A: DC Current Mode, where the current flowing through a PIN photodiode is proportional to the incident radiation.

B: Individual Photon Counting Pulse Mode - where the PIN photodiode is coupled into a charge integrating amplifier. Here we see a gamma photon strike on a PIN photodiode (top trace) with the resulting comparator output on the trace below:






Nowadays, specialised gamma ray detecting PIN photodiodes are available (at a breath-taking price!) from the likes of Centronic and Hamamatsu, BUT common glass lens type PIN photodiodes such as BPX65 were used in professional dosimeter designs until quite recently.*

For use below about 15 keV, the glass lens of BPX65 should be removed, so as not to block low energy photons.

PIN photodiodes have replaced GM tubes in many applications, and are used extensively in gamma ray spectrometers.

Don't underestimate the technical challenge of the charge integrating amplifier! The circuits look elementary, but bad layouts, poor component selection, and inadequate screening will catch the woolly-minded every time!


* See, for example, US Patent 5059801 assigned to the UK National Radiological Protection Board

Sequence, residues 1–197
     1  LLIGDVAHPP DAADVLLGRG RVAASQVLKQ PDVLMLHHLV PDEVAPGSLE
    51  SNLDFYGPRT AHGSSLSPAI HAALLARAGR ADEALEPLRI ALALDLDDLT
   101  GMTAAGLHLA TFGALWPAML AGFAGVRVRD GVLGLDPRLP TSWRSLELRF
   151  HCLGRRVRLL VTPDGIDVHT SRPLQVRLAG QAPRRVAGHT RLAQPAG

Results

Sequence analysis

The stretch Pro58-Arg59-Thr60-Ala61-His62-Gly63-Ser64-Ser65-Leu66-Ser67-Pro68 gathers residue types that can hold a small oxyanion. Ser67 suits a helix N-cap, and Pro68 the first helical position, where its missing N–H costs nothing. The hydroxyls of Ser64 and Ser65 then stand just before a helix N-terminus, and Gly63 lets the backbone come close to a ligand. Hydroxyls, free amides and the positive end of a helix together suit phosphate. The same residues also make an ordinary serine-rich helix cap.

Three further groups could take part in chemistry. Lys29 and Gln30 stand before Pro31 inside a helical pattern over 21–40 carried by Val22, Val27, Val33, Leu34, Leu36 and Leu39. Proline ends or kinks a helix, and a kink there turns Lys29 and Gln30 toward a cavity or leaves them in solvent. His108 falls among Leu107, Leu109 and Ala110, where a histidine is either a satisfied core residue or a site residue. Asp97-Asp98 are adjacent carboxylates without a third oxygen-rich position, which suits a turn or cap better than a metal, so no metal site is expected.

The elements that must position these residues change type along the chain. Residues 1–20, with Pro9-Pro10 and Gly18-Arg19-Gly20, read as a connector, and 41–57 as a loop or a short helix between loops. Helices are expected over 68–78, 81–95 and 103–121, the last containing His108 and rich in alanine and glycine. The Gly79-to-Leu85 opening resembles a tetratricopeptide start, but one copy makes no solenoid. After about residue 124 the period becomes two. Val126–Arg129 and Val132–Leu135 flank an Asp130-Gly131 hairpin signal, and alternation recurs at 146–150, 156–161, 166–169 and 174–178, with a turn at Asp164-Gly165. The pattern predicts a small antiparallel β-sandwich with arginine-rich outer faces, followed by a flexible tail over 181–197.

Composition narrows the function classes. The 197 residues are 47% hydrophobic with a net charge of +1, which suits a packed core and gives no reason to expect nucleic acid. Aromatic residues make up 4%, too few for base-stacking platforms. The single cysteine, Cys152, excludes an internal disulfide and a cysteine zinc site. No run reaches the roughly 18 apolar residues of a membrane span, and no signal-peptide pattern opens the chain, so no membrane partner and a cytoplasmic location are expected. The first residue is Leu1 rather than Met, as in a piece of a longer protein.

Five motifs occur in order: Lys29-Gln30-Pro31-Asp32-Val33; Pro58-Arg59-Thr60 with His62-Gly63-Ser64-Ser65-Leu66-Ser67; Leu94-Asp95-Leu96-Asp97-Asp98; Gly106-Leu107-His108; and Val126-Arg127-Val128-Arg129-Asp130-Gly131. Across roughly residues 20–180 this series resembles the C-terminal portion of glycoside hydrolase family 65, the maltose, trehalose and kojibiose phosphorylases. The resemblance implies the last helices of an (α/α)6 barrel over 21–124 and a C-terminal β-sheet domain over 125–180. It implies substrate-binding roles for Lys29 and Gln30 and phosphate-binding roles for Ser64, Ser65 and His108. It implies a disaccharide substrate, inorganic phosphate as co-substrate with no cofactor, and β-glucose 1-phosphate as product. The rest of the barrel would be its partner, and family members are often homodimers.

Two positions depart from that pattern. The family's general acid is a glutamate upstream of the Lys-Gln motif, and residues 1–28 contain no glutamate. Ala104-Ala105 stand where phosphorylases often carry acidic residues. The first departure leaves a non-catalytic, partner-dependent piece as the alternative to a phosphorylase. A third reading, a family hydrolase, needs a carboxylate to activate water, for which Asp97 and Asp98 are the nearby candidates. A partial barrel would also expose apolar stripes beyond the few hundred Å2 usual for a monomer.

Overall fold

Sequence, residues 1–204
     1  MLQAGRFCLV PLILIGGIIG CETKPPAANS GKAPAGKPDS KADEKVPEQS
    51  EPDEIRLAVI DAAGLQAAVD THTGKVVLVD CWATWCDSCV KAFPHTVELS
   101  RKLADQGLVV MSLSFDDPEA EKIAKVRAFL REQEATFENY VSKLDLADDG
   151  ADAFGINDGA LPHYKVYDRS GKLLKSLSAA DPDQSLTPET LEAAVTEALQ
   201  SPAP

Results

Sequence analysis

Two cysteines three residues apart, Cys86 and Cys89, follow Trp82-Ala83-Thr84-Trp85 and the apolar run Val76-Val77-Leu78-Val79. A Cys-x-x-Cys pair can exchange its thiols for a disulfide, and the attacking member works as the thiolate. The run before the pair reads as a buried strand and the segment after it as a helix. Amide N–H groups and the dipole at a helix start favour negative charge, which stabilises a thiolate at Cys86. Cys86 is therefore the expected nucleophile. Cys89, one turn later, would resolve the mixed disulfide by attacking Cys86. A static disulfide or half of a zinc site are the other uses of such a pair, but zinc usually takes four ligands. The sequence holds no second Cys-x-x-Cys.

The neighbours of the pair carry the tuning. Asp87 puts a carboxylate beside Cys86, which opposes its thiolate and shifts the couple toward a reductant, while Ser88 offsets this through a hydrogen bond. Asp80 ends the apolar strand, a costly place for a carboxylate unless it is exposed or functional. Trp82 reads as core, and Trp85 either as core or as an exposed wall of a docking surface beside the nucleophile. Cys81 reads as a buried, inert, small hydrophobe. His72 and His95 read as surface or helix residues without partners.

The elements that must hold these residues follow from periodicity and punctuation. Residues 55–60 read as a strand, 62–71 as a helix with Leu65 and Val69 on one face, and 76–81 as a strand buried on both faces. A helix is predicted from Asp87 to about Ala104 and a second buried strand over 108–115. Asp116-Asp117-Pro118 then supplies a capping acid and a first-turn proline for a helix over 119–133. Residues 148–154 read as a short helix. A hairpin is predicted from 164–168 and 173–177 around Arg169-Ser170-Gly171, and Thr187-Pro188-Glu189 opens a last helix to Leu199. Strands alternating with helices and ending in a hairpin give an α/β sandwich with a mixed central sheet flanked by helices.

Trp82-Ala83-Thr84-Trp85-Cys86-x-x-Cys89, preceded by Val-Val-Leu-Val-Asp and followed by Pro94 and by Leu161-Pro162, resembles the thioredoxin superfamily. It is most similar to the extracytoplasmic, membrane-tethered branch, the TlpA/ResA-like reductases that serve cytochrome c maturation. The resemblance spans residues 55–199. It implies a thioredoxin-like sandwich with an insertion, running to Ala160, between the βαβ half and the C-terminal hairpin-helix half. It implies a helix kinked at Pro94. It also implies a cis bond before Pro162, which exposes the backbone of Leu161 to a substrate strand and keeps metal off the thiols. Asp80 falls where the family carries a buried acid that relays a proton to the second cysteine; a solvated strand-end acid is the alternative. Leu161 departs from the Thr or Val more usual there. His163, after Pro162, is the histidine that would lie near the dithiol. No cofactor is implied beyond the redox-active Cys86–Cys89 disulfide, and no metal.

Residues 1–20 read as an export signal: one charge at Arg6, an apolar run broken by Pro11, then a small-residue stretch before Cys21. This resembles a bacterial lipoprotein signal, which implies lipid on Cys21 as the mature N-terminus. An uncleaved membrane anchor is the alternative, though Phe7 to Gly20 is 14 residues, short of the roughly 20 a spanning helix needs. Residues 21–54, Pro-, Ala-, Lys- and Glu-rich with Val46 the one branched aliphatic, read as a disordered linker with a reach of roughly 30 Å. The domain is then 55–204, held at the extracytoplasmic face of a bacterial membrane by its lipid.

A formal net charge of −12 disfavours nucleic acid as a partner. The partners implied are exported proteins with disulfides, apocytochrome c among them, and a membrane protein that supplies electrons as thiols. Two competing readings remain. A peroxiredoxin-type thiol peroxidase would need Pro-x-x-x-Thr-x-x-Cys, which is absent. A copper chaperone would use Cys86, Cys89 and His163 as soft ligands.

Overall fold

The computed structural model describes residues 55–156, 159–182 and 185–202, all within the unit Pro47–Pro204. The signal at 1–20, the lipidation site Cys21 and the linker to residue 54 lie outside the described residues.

If pin diodes can be used for cheap Geiger counters,

Would something like that work as a cheaper replacement than the BPX65? How sensitive is it to other forms of radiation, if at all?


I'm sure that a number of PIN photodiode types will work to some degree, but I wouldn't want to make guesses about the performance of parts with which I am not familiar. Small surface area to keep capacitance down to a bare minimum is essential for correct operation of the charge integrating preamplifier. BPX65 has a 1 mm.sq active area, and also has the advantage of metal can self-screening which becomes critical with ultra-high impedance electrometer inputs.

PIN photodiodes in pulse mode can be used for the direct detection of alpha particles.*


*See: Jpn. J. Appl. Phys. 47 (2008) pp. 1740-1741

Ultraviolet-Sensitive Windowless Silicon PIN Photodiodes for Alpha-Ray Spectrometry

Mitsuteru Mimura, Nobuyuki Hasebe, Shingo Kobayashi, Mitsuhiro Miyajima, Tadayoshi Doke, and Eido Shibamura